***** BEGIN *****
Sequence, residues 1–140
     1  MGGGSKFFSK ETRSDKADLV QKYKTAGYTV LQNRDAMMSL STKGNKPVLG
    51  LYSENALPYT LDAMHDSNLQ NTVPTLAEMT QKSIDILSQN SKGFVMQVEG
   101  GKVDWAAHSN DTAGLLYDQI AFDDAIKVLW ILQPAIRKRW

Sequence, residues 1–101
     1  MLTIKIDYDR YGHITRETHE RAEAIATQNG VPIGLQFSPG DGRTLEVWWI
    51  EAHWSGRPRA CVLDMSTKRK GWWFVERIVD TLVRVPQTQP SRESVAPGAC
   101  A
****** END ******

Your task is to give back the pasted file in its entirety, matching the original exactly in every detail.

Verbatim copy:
Sequence, residues 1–140
     1  MGGGSKFFSK ETRSDKADLV QKYKTAGYTV LQNRDAMMSL STKGNKPVLG
    51  LYSENALPYT LDAMHDSNLQ NTVPTLAEMT QKSIDILSQN SKGFVMQVEG
   101  GKVDWAAHSN DTAGLLYDQI AFDDAIKVLW ILQPAIRKRW

Sequence, residues 1–101
     1  MLTIKIDYDR YGHITRETHE RAEAIATQNG VPIGLQFSPG DGRTLEVWWI
    51  EAHWSGRPRA CVLDMSTKRK GWWFVERIVD TLVRVPQTQP SRESVAPGAC
   101  A